Control Sample 1 and control Sample 2 show that N,N′-(m-phenylene) bismaleamic acid has no effect on the stiffness of the compound when comparing 300% modulus (as in Table 2) or dynamic modulus G′ at 10% strain before an aging period of six hours at 140° C. is instituted. Actually the stiffness reflected by these two measurements decreases with the addition of N,N′-(m-phenylene) bismaleamic acid. This is in agreement with the prior art which shows the same trend (see U.S. Pat. No. 5,696,188 Tables I, II, and IV Sample No. ctrl 1, ctrl 3). When control Sample 1 is reformulated to contain silica in place of carbon black (volume % of total filler maintained) as in control Sample 3 and control Sample 5 followed by the addition of N, N′-(m-phenylene) bismaleamic acid as in experimental Sample 4 and experimental Sample 6 respectively (N,N′-(m-phenylene) bismaleamic acid is 12.5 wt % based on silica level), increases in 300% M and G′ are noted. Also note that during the 140° C. aging period in the RPA test the tan delta value is lower for experimental Sample 4 and experimental Sample 6 versus their control counterparts while for the all carbon black compound, no advantage in tan delta is seen.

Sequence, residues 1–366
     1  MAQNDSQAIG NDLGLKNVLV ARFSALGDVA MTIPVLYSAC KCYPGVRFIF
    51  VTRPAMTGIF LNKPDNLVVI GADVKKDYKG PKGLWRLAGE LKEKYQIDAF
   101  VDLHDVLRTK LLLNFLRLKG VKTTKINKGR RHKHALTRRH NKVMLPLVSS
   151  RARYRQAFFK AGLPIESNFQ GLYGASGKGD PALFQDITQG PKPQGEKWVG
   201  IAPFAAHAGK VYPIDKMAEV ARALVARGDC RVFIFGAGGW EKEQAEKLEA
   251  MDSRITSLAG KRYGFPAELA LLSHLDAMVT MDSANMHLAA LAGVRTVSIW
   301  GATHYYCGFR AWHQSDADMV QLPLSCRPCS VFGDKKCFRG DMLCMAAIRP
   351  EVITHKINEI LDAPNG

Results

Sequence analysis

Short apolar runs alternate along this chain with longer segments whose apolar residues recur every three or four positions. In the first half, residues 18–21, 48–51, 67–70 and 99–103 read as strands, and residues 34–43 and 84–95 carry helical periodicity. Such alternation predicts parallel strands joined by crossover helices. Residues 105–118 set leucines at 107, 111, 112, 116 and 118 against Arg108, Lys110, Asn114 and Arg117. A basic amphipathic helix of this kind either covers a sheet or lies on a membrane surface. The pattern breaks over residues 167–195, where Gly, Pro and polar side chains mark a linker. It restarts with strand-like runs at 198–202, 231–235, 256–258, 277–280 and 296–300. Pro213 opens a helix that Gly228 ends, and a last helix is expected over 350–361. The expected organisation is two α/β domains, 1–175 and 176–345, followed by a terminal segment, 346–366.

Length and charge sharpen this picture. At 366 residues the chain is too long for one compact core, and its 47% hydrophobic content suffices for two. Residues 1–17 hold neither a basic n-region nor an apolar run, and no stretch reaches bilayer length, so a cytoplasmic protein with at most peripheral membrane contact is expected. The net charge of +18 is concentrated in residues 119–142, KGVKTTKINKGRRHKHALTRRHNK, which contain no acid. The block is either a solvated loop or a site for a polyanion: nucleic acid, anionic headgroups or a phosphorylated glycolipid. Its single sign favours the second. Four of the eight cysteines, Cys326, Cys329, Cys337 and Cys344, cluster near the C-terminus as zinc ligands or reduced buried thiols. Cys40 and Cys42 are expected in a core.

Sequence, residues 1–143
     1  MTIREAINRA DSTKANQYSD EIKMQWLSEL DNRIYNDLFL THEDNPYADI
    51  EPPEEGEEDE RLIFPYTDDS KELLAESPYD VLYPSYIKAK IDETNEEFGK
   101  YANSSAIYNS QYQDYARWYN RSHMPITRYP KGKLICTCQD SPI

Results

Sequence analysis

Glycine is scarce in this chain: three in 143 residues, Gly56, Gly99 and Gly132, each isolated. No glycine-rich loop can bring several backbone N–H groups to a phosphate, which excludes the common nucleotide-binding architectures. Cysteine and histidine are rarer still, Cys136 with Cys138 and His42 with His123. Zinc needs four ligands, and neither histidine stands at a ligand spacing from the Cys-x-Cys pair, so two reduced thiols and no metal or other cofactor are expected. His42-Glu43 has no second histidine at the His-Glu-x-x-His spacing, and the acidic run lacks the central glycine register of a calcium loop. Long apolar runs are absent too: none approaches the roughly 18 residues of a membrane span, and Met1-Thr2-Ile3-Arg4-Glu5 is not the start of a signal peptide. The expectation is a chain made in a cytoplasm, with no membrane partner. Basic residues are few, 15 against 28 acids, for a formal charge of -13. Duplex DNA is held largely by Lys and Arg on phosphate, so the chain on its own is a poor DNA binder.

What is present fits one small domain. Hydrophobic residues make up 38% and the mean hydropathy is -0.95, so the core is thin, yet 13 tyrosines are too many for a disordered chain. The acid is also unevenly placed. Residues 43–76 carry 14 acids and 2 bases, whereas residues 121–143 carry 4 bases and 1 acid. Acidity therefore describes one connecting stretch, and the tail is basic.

• [0064]
    It is desirable to have the ability to increase stiffness with reducing tan delta in tread compounds for improved handling and better fuel economy/durability.
  • [0065]
    While certain representative embodiments and details have been shown for the purpose of illustrating the invention, it will be apparent to those skilled in this art that various changes and modifications may be made therein without departing from the spirit or scope of the invention.
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US95325849 Dic 20153 Ene 2017Kraft Foods Group Brands LlcProcessed cheese without emulsifying salts
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Clasificaciones
Clasificación de EE.UU.524/211, 524/575.5, 524/236, 524/571, 524/493
Clasificación internacionalC08K5/20, B60C1/00, C08K3/00
Clasificación cooperativaC08K3/0033, C08K5/20
Clasificación europeaC08K5/20, C08K3/00P5